This file was generated 2002-06-09 04:23 GMT. This movie's information hasn't changed since 2001-04-29.
Scott Ventura >> Movie Commentary >> April 2001 >> The Legend of Drunken Master
I enjoy most Jackie Chan movies because they represent an intricate weaving of balletic movement, slapstick, and good-natured charm. Drunken Master blended grace and humor in all of its fights. Props were incorporated into the action as quickly as they could be picked up, and they created a new level of awe and enjoyment on top of that created by the formidable skill of Chan and his colleagues. The seemingly- serendipitous antics of the Drunken Boxing style, no doubt some of the best action choreography of all time, only made things more fun.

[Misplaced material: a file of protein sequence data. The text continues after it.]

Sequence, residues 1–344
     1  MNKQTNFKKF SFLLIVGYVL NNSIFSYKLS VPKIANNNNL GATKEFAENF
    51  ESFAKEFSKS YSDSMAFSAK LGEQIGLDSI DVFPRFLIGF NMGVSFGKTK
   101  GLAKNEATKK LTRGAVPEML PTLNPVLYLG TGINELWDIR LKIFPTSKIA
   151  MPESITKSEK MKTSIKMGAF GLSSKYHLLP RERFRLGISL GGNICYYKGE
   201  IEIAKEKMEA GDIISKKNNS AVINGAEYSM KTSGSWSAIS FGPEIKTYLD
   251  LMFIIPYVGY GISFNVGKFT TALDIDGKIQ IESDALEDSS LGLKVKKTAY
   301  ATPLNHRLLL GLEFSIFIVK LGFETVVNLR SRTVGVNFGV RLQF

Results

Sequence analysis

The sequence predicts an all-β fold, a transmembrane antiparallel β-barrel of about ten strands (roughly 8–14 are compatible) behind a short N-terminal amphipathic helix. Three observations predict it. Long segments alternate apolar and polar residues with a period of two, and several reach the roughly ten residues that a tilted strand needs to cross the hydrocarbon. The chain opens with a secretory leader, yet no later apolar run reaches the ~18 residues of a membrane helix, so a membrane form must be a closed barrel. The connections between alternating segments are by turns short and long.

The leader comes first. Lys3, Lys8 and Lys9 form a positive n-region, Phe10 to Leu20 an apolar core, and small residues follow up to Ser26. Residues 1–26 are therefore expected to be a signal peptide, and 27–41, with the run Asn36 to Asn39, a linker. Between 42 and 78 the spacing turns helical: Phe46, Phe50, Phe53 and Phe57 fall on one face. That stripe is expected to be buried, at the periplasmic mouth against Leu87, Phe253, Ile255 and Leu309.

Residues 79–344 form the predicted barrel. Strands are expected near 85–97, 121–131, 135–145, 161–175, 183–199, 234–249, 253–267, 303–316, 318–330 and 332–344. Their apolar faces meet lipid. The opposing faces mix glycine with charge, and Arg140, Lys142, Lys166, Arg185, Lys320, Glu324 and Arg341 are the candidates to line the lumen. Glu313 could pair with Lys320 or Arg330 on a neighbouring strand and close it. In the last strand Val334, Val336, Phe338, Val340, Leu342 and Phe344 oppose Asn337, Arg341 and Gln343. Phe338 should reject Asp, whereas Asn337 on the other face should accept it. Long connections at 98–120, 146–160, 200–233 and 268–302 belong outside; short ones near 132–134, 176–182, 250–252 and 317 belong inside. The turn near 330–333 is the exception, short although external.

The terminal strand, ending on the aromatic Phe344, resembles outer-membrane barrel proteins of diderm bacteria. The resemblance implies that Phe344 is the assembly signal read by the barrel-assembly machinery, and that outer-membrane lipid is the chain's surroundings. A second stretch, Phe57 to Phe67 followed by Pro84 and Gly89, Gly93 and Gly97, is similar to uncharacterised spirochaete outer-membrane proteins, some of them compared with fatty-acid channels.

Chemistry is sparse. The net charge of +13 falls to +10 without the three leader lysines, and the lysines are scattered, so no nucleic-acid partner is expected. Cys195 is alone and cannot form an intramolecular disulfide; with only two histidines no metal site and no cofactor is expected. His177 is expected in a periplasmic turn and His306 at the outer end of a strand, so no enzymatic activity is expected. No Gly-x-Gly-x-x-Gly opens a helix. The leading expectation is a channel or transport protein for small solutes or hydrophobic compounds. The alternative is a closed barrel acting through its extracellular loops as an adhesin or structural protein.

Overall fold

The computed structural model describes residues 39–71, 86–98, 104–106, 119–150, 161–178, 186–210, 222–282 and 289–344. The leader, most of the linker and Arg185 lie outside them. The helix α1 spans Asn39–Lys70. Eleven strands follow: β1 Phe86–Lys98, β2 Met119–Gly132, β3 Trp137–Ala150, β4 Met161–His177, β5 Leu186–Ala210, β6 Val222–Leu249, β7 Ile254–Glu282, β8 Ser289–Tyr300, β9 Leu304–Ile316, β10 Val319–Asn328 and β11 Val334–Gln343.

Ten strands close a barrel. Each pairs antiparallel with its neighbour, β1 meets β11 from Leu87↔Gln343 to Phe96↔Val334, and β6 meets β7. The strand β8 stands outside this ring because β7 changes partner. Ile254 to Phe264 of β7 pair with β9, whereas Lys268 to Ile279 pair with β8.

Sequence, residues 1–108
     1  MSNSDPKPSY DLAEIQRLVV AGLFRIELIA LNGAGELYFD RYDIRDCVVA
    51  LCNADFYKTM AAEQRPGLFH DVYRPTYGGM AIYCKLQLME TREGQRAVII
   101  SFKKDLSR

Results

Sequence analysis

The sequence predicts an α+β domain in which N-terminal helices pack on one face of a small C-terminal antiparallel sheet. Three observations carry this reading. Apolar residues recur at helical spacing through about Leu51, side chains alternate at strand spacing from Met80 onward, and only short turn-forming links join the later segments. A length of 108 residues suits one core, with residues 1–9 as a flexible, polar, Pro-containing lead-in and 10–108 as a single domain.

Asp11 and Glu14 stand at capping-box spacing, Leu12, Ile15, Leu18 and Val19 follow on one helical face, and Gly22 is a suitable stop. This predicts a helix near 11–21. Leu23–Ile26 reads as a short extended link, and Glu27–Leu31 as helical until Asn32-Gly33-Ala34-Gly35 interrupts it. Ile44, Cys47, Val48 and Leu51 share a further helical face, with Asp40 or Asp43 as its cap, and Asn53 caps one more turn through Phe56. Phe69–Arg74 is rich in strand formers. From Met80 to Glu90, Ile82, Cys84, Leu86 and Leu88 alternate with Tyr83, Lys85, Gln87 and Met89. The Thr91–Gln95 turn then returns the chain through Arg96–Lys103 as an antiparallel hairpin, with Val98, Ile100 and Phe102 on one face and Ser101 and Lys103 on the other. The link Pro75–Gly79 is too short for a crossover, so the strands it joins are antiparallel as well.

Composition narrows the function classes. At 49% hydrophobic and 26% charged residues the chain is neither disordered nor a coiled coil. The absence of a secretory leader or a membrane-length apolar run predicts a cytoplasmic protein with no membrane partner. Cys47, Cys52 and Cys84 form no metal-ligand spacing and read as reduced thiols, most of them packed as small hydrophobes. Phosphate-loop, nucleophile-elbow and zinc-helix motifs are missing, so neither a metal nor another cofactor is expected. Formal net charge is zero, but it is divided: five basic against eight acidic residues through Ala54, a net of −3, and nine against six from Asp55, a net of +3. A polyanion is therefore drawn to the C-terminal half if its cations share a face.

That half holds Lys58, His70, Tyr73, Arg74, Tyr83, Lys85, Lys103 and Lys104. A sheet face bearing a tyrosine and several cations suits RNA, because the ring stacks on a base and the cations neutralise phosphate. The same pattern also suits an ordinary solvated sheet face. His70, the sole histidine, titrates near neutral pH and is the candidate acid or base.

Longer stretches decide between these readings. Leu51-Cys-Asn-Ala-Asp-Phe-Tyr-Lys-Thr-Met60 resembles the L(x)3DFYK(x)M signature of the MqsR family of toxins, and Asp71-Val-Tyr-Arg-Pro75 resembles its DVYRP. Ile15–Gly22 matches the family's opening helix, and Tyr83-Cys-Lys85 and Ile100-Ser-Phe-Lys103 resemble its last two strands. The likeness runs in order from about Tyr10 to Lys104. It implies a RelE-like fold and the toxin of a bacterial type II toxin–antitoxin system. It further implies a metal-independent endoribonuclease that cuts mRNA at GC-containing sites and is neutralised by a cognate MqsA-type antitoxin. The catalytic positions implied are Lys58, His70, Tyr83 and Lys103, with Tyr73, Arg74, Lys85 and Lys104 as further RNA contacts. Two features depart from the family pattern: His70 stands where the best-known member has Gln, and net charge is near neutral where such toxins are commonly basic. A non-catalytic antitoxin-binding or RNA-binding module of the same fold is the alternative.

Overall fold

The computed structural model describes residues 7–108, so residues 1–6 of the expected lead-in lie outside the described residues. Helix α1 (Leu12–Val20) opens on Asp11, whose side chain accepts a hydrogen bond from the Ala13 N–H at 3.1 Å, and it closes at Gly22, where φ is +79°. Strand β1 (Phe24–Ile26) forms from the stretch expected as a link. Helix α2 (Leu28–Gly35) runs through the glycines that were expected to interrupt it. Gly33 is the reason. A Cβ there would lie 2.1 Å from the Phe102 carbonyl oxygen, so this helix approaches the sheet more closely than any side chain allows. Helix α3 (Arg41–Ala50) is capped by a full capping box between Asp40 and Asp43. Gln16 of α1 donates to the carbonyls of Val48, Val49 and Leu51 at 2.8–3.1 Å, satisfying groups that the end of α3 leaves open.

Legend of Drunken Master is not the same type of film at all. The entertainment value is sapped by including a message in the plot about China retaining cultural artifacts being illegally exported by evil British beaurocrats. Worse, the violence is presented with too much realism and not enough levity. When Jackie is fighting with the broom-like bamboo stick, I was put off by the henchmen stumbling back screaming about the blood pouring from cuts on their faces. On the brighter side, Anita Mui plays a wacky stepmother who wouldn't be out of place in a Marx Brothers film. She's amusing as a character, but she only works because the father character is so oblivious. I also wanted to see a lot more of the famed Drunken Boxing. The English title "Legend of" is appropriate since there is more talk about the style than there is demonstration of it. The scenes of trying to drink and fight are almost completely missing, perhaps because they couldn't think of anything different enough from the first film.